FACULTY OF LAW

CYBER-GOVERNANCE


  • To identify how traditional international legal norms may be usefully managed with a view to creating a common regulation mode for the cyberspace, that would take into account the interface between multiple actors at different regulatory levels and would cover both instances of conflicts caused by the absence of cyberspace sovereignty or by contradictory interests of the States operating in the same cyberspace, and

  • To determine whether a new multi-pillar, horizontal, open model of cybergovernance may be currently developing, either as a change in paradigm away from the State-centred system or as a nuanced evolution thereof.

  • The idea of sovereignty, as illustrated by the physical barrier of the border, is particularly challenged in the cyber world. Defined as “a domain characterized by the use of electronics and the electromagnetic spectrum to store, modify, and exchange data via networked systems and associated physical infrastructures”, cyberspace is created by people to serve people. Almost invisible by nature, it involves uncontrolled amounts of data in motion, mainly supported by digital platforms and networks, which provide cutting-edge technological services to an increasingly digitalized planet. Effectively by-passing State boundaries, the cyberworld raises new challenges to governance, potentially in direct conflict with State sovereignty, security and human rights enforcement.

    Jurisdiction, the traditional link to the sovereign State, does not always work efficiently or even adequately in the cyberspace: in practice, it is essentially an extension of jurisdiction over the relevant infrastructure that hosts the cyberspace in the territory of a State. Cyber-attacks from computers situated in one country against hardware or communication networks situated in another country can also be regarded as an armed attack under international law. On a lower threshold, domestic authorities are called upon to enforce their criminal legal frameworks within the insurmountable limits of their territorial jurisdiction while perpetrators are free to move within the borderless cyberspace. In any case, the international rules of State responsibility govern the establishment of responsibility for cyber operations orchestrated by State officials or the State’s failure to address –with due diligence– violations caused extraterritorially by private actors. The limits of this approach are better illustrated in the current wave of information cyber warfare through the widespread use of ‘fake news’, where information becomes the ultimate counterforce against existing or emerging threats and control of the flow or indeed the quality of information to the adversary is critical to the (cold or even lukewarm) war effort.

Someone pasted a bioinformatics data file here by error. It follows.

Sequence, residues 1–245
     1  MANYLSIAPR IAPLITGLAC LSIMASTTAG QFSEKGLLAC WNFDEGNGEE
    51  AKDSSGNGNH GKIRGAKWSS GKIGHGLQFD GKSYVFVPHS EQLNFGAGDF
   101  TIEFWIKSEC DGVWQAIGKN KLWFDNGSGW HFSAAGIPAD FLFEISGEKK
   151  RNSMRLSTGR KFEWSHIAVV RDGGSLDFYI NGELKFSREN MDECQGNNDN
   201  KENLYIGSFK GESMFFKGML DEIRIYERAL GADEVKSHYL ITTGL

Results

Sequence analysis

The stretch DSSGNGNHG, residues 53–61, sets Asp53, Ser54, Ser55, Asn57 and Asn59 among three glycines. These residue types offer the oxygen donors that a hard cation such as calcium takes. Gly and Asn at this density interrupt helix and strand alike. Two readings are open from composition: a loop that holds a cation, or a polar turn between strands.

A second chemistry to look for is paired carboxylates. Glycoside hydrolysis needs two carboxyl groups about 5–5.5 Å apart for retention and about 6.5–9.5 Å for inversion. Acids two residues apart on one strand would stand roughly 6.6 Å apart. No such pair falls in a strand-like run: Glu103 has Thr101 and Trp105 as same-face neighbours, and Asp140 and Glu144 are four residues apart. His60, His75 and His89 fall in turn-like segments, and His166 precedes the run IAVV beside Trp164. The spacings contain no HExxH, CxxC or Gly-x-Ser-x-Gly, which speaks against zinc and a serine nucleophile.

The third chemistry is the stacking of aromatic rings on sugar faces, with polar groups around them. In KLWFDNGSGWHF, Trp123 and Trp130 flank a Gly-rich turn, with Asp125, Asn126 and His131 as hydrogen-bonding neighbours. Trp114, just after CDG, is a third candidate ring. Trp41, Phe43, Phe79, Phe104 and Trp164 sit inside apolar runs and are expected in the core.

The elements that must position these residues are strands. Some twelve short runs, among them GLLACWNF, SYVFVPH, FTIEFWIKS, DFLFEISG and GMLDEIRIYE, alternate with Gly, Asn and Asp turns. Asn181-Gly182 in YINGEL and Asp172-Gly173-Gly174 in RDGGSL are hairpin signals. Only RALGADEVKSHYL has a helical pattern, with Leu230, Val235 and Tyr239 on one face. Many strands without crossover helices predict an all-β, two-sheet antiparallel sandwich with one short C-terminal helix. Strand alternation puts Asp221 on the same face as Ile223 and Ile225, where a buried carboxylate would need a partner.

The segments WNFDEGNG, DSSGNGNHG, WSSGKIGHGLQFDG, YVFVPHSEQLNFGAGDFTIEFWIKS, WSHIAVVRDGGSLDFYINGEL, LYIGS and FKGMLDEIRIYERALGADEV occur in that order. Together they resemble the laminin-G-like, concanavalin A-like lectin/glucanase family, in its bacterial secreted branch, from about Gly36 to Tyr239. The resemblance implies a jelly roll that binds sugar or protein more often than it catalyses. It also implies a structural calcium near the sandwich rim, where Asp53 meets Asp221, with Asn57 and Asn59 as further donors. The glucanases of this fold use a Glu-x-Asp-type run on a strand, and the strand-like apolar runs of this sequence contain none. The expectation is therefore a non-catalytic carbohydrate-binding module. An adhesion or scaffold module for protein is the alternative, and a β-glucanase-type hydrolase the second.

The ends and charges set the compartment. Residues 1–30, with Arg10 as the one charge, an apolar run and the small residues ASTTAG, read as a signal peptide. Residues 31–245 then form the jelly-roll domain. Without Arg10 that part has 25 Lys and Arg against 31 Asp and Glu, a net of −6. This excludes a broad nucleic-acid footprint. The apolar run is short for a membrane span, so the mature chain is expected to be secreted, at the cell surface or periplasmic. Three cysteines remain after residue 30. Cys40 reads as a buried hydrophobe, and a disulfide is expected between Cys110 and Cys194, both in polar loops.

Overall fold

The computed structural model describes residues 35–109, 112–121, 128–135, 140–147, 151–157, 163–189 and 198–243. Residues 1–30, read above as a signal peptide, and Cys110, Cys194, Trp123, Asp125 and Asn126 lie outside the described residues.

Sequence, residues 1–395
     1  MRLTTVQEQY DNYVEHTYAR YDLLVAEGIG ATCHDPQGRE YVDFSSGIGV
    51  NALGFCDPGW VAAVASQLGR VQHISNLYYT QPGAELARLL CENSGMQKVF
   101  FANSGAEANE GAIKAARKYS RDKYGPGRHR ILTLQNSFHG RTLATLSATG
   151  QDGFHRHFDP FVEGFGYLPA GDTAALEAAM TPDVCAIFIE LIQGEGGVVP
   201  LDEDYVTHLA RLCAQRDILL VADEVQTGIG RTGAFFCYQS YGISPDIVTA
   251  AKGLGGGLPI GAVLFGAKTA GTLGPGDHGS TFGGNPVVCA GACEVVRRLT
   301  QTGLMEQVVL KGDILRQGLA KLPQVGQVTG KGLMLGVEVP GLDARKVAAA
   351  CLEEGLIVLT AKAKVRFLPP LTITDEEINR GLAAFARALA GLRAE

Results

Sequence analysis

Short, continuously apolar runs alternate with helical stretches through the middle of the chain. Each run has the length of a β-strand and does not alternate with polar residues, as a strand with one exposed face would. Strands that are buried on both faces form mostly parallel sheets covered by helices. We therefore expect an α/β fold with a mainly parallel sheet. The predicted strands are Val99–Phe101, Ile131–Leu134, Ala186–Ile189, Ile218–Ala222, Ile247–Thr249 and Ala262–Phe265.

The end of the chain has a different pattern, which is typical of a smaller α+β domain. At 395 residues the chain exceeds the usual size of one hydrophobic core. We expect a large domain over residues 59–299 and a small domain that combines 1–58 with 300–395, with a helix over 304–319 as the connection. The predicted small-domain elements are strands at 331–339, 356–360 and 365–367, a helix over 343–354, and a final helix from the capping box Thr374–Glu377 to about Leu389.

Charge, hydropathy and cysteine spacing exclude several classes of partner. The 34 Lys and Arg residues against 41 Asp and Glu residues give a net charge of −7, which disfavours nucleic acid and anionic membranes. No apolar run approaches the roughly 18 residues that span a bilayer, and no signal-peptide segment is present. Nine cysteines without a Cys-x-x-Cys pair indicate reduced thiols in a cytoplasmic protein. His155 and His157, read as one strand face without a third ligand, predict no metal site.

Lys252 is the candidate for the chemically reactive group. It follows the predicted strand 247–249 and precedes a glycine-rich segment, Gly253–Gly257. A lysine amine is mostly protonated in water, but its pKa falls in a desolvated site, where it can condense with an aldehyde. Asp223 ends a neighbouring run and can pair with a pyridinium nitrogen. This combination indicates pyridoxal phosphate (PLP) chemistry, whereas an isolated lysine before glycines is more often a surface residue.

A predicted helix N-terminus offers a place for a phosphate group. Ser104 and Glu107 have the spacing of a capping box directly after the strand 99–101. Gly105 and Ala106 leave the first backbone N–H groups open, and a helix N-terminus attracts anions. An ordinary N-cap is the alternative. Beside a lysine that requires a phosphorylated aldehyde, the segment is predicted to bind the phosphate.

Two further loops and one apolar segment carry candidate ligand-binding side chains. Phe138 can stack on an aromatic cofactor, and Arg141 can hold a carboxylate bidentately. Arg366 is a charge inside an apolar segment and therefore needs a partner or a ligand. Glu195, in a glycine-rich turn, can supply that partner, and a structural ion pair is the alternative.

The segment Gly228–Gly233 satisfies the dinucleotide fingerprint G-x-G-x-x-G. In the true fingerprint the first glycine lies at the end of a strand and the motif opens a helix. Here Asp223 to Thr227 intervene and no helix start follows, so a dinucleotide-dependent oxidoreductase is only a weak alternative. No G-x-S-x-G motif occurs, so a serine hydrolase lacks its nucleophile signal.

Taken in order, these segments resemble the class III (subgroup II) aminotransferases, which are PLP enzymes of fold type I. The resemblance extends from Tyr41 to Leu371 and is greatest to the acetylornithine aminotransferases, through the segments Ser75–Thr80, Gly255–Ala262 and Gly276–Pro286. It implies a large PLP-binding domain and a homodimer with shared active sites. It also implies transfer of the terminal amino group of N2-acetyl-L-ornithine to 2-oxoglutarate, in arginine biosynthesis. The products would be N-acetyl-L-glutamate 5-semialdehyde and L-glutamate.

Unlike technological standardization, the legal frameworks, purporting to regulate these challenges, differ significantly. Normative solutions remain sparse and sectoral, such as the EU Directive 2016/1148 concerning measures for a high common level of security of network and information systems across the Union (Michels, 2018); or regional (even with global aspirations) such as the 2001 Council of Europe Convention on Cybercrime (ETS no. 185). Indeed, reliance to the traditional norm-generation process, through multilateral agreements or general State practice giving rise to customary rules, seems eminently deficient as it would be almost impossible to catch-up, contain and eventually regulate the rapid technological developments in the cyberspace. Resort to existing rules seems to be the only possible alternative in this context, imperfect as it may be: the real question, however, is whether it would also be sustainable in the long run.